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Boeing got zero orders for its planes last month

Boeing's competitor, Airbus, logged orders for 274 planes in January.
Image: Boeing 737 Max airplanes at the tarmac of the Boeing Factory in Renton, Washington, on March 21, 2019.
Boeing 737 Max airplanes on the tarmac at the company's factory in Renton, Washington, on March 21, 2019.Lindsey Wasson / Reuters file
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Boeing posted a slow start to 2020, recording zero orders for new airplanes in the month of January.

The lack of orders last month stands in contrast to its competitor Airbus, which logged orders for 274 commercial airplanes in January.

January is the latest month without orders following the grounding of the 737 Max in March of 2019.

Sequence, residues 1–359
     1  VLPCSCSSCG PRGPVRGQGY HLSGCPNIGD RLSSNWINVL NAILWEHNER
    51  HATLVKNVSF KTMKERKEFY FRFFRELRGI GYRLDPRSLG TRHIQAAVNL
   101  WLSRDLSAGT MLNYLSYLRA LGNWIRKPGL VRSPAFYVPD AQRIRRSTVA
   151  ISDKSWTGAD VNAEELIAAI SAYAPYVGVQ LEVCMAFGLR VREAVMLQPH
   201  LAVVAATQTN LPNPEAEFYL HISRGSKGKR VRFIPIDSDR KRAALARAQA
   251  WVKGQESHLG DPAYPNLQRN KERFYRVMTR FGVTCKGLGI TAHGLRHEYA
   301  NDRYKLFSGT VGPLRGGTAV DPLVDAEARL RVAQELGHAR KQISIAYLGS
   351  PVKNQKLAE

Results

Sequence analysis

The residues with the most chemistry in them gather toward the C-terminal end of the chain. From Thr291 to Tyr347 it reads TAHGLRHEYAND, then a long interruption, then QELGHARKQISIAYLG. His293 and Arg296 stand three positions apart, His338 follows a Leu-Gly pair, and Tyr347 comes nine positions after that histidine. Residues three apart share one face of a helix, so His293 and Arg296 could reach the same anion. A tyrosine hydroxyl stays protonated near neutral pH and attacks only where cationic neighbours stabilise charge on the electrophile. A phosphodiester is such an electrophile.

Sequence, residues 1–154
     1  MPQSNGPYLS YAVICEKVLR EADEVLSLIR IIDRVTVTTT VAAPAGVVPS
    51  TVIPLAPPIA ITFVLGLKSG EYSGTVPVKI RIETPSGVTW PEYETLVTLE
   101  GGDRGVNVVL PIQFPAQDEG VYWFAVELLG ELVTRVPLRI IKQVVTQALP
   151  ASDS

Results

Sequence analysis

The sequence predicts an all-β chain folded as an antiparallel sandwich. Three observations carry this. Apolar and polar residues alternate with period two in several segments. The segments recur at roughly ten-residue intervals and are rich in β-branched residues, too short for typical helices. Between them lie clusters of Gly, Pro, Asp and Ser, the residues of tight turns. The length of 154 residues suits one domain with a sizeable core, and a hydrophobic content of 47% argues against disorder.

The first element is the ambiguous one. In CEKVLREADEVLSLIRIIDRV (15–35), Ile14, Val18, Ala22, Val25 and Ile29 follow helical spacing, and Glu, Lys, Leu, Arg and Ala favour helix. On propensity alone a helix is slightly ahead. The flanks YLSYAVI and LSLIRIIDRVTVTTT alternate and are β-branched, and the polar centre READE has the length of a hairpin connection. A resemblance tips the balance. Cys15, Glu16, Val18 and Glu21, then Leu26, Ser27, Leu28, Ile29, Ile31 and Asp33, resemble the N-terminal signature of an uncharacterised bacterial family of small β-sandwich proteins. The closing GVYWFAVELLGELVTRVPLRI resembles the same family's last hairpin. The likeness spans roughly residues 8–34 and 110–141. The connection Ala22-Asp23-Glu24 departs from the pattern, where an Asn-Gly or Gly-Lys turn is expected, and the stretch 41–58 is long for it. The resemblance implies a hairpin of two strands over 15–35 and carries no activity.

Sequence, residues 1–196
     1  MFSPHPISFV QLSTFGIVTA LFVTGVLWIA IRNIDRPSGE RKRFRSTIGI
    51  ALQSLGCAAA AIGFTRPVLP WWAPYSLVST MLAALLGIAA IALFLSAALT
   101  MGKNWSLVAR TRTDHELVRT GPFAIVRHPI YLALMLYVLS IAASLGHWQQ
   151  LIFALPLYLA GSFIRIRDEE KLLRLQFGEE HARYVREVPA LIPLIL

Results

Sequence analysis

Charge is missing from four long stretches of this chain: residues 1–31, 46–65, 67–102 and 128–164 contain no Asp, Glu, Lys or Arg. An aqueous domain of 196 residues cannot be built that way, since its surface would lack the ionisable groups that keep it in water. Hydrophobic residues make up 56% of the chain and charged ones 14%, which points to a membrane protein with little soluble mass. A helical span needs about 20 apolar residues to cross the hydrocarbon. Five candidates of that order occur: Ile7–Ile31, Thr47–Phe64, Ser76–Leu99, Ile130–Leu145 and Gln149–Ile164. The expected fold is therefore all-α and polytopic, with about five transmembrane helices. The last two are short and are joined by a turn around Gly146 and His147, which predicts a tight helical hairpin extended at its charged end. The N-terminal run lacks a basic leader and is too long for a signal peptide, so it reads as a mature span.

Boeing recorded a negative order rate in 2019 — for the first time in decades — as customers canceled or converted orders. In January, Boeing did not have any order cancellations.

Meanwhile, the company delivered 13 new airplanes in January, including six 787 Dreamliners, a pair of 777s, two 767s and three 737NGs.

With the company’s beleaguered 737 Max still grounded, Boeing did not deliver any Max models in January. The plane’s software was at the center of two fatal crashes that killed a combined 346 people.

Investors and industry insiders have grown accustomed to Boeing’s low rate of orders and deliveries since production of the 737 Max halted earlier this year. Boeing has said it expects the Max to be recertified and for regulators to lift the grounding of the Max by the middle of 2020.

The head of the Federal Aviation Administration, Steve Dickson, has told executives with Southwest Airlines, American Airlines and United Airlines that he is encouraged by the progress Boeing has made in fixing problems with the Max. On Tuesday at the Singapore Air Show, Dickson told reporters there could be a certification flight for the Max within weeks.